With the new students of 2006 just barely arrived on campus, UW's marketing and undergraduate recruitment office is seriously into plans for how to attract the newcomers of 2007 (enough of them, the best ones and the right ones) to Waterloo. It's less than a month till the annual Universities Fair in Toronto, one of the major recruitment opportunities of the year. "We'll be using a new system to manage undergraduate recruitment brochure requests," writes Tina Roberts, the office's director. The key tool is a link on the "prospective student" web site labelled, reasonably enough, "Request brochures". She says: "By the middle of September, brochures (viewbooks and faculty, university college, and program brochures) will be available at the Registrar's Office front counter, the Visitors Centre, and the Marketing and Undergraduate Recruitment Office (NH 3007)."

The number of Canadian kids trying tobacco products has continued to fall, Health Canada's 2004-2005 Youth Smoking Survey reports. "Fewer young people in grades five to nine are trying and using tobacco products," says a news release. “Progress is being made in discouraging youth from taking up smoking, which is one of the goals of the Federal Tobacco Control Strategy." In 2004-05, only 21 per cent of grades 5-9 students had tried any type of tobacco — a 50 per cent drop from the rate in 1994. Students of that age are thought to be the population most at risk for starting to light up. The 2004-05 YSS “was the result of a successful capacity building project funded by Health Canada through a contribution agreement between Health Canada, the University of Waterloo and its partners in a pan Canadian consortium of tobacco control researchers. Based on the success of this project, Health Canada has continued its collaboration with the University of Waterloo and the consortium to conduct the 2006-07 YSS during the upcoming school year. It is expected that the 2006-07 YSS will expand to include grades 5-12, with an estimated 100,000 students expected to participate making this the largest school based survey in Canada.” At UW the project is headed by Steve Manske of the Centre for Behavioural Research and Program Evaluation in applied health sciences.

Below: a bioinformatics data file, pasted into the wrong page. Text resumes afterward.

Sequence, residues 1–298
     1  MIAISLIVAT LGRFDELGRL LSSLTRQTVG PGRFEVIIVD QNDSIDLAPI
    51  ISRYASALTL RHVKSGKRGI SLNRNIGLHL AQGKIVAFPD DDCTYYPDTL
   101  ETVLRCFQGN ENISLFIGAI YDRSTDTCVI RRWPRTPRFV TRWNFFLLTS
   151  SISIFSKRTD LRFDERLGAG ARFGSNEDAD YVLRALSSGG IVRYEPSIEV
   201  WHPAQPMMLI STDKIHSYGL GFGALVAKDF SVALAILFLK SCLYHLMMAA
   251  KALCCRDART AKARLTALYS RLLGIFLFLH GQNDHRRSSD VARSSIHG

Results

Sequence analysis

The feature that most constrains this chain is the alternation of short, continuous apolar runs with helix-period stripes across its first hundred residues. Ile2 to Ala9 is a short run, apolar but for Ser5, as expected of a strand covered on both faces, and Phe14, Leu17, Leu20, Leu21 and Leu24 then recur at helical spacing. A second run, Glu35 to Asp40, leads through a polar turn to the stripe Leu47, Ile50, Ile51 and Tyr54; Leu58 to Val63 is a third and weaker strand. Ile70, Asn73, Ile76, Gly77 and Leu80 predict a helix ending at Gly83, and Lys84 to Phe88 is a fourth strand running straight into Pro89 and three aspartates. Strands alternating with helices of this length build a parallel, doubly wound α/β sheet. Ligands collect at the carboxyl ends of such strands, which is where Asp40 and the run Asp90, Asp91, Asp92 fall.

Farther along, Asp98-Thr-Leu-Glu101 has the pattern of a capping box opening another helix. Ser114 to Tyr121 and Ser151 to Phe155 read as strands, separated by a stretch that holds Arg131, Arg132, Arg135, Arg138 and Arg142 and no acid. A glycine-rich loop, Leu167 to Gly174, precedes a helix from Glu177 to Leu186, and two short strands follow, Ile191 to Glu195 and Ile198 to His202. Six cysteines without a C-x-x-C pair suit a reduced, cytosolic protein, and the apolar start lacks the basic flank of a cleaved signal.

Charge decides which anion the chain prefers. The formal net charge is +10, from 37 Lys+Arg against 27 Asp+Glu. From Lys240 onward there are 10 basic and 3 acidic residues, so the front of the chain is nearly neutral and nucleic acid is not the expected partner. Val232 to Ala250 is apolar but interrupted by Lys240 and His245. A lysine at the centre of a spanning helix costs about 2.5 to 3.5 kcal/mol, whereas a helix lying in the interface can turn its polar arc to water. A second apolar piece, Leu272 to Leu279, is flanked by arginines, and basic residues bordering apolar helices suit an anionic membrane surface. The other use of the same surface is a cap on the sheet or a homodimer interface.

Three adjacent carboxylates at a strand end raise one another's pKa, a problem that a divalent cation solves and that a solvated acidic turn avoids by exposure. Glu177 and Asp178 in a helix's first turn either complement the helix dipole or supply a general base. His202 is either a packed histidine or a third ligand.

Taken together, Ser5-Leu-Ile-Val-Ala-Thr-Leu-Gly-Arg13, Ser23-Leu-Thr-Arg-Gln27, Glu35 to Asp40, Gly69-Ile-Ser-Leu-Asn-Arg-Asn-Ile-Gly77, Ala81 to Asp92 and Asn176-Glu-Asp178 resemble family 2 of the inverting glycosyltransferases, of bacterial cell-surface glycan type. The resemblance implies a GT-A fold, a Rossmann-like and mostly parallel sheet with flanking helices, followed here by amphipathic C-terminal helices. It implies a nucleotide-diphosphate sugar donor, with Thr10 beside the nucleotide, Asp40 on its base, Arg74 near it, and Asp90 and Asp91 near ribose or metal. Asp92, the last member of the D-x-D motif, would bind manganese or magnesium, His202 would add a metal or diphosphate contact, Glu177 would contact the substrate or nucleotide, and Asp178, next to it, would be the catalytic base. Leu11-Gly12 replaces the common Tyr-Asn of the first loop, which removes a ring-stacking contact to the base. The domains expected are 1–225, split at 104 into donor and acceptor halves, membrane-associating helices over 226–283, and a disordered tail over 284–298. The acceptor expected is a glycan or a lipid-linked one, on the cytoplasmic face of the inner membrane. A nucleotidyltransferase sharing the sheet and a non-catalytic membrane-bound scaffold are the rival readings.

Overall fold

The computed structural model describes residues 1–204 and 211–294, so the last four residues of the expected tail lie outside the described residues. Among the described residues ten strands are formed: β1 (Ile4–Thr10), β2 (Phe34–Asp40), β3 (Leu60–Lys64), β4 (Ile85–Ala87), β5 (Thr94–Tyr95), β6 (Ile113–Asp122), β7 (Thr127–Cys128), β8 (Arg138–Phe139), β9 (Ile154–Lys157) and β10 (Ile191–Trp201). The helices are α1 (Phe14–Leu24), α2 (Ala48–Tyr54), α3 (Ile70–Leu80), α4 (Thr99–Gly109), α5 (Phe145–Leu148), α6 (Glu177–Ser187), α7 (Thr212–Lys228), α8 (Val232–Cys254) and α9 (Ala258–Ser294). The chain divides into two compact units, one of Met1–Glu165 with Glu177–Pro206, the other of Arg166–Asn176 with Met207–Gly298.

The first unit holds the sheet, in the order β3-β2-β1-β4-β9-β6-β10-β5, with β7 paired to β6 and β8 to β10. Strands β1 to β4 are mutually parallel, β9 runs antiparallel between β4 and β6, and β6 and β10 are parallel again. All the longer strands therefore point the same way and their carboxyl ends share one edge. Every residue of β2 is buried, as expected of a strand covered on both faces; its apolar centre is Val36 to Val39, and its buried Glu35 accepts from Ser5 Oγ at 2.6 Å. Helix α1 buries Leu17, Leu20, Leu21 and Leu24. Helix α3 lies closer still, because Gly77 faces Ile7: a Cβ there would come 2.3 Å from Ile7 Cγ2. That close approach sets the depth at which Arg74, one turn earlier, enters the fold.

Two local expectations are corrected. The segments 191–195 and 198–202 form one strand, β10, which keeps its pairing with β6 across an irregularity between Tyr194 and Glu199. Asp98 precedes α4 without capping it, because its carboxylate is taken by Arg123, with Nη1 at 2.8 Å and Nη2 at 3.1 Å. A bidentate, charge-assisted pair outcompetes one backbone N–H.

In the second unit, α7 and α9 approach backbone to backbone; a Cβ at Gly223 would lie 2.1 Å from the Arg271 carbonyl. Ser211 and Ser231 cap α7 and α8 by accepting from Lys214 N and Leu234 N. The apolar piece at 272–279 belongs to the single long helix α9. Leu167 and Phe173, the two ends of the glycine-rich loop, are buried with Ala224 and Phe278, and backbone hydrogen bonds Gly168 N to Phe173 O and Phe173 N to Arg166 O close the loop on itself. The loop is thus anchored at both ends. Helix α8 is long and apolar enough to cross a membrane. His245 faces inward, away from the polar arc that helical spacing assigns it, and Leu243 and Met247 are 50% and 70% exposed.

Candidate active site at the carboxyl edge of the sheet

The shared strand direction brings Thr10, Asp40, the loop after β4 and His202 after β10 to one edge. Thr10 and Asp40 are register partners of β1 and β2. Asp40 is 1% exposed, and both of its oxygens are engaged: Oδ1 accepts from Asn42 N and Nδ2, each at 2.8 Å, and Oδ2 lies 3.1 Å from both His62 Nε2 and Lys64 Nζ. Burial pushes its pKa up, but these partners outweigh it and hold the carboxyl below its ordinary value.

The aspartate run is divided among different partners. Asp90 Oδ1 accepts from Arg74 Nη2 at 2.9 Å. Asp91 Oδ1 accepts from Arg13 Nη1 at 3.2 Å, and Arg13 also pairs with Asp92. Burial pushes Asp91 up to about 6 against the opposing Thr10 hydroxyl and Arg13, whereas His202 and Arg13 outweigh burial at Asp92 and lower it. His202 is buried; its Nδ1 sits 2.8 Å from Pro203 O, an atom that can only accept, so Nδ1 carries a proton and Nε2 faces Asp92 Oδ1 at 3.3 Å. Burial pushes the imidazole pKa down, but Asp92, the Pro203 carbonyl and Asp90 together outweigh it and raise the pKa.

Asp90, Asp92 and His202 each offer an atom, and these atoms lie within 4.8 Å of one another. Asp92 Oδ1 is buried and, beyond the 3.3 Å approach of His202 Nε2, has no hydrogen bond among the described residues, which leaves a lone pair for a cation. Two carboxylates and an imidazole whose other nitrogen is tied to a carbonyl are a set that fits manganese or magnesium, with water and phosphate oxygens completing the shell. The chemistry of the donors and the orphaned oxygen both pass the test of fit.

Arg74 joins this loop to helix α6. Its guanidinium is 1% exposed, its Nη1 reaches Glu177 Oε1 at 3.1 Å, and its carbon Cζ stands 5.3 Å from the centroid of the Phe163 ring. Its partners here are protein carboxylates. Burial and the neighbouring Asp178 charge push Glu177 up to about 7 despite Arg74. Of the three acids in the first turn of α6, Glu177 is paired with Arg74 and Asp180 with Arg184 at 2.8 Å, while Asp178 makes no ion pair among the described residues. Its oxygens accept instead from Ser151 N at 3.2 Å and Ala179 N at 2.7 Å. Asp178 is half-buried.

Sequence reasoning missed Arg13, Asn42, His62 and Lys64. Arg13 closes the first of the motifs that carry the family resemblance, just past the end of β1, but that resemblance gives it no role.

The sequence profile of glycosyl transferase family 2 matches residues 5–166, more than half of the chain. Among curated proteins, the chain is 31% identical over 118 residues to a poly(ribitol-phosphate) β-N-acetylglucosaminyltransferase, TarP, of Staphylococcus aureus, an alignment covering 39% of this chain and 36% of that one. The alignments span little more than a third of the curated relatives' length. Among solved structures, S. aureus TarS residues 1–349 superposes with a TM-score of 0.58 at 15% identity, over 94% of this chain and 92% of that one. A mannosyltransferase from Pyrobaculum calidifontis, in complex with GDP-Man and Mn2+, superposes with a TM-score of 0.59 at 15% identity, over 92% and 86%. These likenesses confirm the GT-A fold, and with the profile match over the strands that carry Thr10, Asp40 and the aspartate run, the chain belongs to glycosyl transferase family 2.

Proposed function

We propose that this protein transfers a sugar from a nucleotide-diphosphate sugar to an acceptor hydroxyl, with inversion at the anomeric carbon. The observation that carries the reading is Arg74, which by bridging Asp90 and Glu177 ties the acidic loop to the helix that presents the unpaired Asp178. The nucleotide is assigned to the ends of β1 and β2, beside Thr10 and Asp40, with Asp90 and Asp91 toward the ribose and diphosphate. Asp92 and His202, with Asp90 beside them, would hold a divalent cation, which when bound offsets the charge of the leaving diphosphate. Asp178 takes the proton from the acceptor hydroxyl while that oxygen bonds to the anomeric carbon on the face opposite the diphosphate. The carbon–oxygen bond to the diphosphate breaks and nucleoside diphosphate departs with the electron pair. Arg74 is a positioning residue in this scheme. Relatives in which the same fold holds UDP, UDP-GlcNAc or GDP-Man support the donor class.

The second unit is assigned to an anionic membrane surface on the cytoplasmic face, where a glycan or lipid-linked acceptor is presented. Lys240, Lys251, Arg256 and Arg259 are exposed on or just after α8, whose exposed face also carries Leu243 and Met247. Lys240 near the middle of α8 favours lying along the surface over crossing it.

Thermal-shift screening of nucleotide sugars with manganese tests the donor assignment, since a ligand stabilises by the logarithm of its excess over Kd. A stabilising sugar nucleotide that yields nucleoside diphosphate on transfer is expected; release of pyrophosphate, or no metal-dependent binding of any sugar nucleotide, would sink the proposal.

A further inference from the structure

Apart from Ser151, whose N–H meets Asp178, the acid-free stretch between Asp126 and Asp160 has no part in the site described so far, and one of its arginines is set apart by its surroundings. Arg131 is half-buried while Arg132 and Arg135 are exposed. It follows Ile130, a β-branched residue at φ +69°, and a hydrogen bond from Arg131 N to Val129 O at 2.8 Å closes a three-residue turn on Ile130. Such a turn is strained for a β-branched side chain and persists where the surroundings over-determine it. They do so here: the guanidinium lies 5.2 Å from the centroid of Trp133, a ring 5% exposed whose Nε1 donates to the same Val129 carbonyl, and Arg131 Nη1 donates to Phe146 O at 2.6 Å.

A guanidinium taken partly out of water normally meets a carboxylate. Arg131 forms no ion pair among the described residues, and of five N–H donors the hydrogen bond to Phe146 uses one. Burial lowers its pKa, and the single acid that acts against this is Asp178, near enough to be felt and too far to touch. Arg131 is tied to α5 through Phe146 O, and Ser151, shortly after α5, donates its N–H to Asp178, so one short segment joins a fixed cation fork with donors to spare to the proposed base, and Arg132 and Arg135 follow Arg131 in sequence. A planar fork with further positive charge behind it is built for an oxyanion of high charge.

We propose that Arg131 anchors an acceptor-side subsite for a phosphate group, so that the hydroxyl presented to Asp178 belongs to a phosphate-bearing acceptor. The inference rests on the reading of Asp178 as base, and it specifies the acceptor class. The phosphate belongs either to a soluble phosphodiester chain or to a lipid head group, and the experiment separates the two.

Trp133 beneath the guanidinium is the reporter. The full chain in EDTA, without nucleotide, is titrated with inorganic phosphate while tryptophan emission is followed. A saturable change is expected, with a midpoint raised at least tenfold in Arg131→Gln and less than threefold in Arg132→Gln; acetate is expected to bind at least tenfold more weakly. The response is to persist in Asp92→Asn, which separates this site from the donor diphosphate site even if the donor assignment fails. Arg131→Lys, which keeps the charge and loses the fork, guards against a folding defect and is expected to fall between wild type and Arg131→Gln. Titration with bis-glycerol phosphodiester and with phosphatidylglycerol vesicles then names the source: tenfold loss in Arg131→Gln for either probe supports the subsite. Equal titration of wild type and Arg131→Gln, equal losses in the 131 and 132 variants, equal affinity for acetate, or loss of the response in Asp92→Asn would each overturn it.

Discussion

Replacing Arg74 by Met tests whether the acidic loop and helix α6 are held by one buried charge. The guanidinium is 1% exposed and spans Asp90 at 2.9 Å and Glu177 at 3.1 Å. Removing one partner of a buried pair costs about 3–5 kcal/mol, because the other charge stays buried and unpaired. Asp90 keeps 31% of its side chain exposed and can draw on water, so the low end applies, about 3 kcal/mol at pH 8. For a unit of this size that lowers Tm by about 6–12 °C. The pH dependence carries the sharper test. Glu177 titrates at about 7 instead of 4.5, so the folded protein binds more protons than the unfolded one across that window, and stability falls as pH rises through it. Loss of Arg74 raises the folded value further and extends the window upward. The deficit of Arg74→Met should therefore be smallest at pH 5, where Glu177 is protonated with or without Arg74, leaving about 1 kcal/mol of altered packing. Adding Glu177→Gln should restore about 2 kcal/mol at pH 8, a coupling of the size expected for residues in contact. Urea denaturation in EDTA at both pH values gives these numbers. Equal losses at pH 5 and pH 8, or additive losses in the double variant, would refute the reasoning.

In Wednesday's Daily Bulletin I identified Roydon Fraser, president of the UW faculty assoiaition, as a professor in systems design engineering, but in fact he's in mechanical and mechatronics engineering. . . . John Van Roon, a coordinator in the cooperative education and career services department for the past five years, will retire officially at the end of September. . . . Voting by UW staff members for a seat on the university's board of governors continues online through September 18. . . .

[Banner promotes September 30 event]

Finally, Homecoming organizers in UW's alumni office are wondering who might have stolen this banner from its place on the Math and Computer building on Wednesday night. "A frosh prank?" Jude Doble asks — but if so, she's wondering, whose room is big enough to hang a purloined 4-by-14-foot banner? Anyway, the university sign shop is working on a replacement.